A changing population mix may spell trouble for the mortgage industry as the United States approaches the millennium, some analysts believe.

"Lenders have to get used to the idea of a lower demand for housing, and lower originations volume," said Nima Nattagh, a market analyst with TRW Redi Property Data of Anaheim, Calif.

According to figures compiled by TRW Redi from Census Bureau data, the percentage of the population in the 25-to-34 age group is going to drop significantly in the next four years. Nationally the drop will be about 8% drop, and declines will approach 20% in some northeastern states.

Historically, most first-time homebuyers have been 25 to 34 years old. Consequentially, "the first-time buyer is going to decline in significance in the near future," Mr. Nattagh said.

This shrinking pie is going to mean an increase through the year 2000 in industry consolidation and in the number of players driven out of the business, Mr. Nattagh said.

Other observers agree that the prime buying group is shrinking, but they point to mitigating factors, including rising immigration. One important caveat, however, is that new immigrants often rent rather than buy, Mr. Nattagh said.

Another mitigating factor is that people are getting married, having children, and purchasing their first homes later and later. In fact, according to the Census Bureau, the average annual rate of growth of in the number of households has decreased in the last 20 years - from 2.4% in the 1970s to 1.1% in the 1990s. Many people continue to live alone, in rental units, for longer periods.

"The increase of the average age at which people purchase first homes will moderate the declining 25-to-34 population," said Rob Valletta, regional economist with the San Francisco Federal Reserve Bank. The degree of that moderation is not clear, he said.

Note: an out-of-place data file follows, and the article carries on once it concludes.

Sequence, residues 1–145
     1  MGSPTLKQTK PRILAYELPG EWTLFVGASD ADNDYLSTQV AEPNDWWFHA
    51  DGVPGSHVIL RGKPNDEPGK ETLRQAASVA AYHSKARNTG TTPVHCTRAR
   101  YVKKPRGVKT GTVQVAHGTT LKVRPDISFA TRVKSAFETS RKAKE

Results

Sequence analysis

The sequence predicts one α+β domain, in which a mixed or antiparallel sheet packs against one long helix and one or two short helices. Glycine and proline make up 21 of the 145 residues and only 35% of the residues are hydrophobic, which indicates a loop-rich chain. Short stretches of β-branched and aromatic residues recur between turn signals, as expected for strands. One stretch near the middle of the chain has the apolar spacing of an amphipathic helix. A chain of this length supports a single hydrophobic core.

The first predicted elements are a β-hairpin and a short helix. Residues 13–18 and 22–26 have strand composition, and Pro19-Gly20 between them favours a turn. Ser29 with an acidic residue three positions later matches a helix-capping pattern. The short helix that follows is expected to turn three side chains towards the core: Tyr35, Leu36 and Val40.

Tom Cunningham, regional economist with the Atlanta Federal Reserve Bank, contends that the dearth of 25-to-34-year-olds means less to the housing market than the current position in the cyclical economic climate of the nation.

"For this business cycle, housing starts peaked in 1994" after five years of pent-up demand, Mr. Cunningham said. "We're not likely to see the same growth again for a long time, but that depends more on cyclical figures than demographics," he said.

He also points to steadily rising age of first-time homebuyers as a reason lenders should avoid panicking.

Nonetheless, as the 25-to-34 age group shrinks, the over-45 population is going to increase across the board, leaving lenders looking for ways to pinpoint usage of the equity that the older generation already has in its homes.

Niche marketing will be the key to lender survival, Mr. Nattagh asserts, and the recent expansion of reverse mortgages is one good example. These products, popular with long-time homeowners, let them use funds they have paid into their first mortgage.

A focus on immigrants may also help to offset losses lenders may be feeling, Mr. Nattagh said. He points to Countrywide Credit Industry's recent campaign to target the Hispanic market as a successful example.

Additionally, certain areas of the country stand to gain more than their share of 25-to-34-year-olds from improving economic conditions. Members of that age group tends to be less sedentary, often migrating to a new region as jobs become available.

The Mountain States will most likely benefit from this migration in the next four years, Mr. Nattagh says. The Southeast is also looking for above- average population and economic growth, Mr. Cunningham said. "It's likely that the Southeast will outperform the nation," he said. "What that says about the United States' overall economic performance is questionable."

Migration from the Northeast, where jobs are scarce, will fuel growth in these regions.

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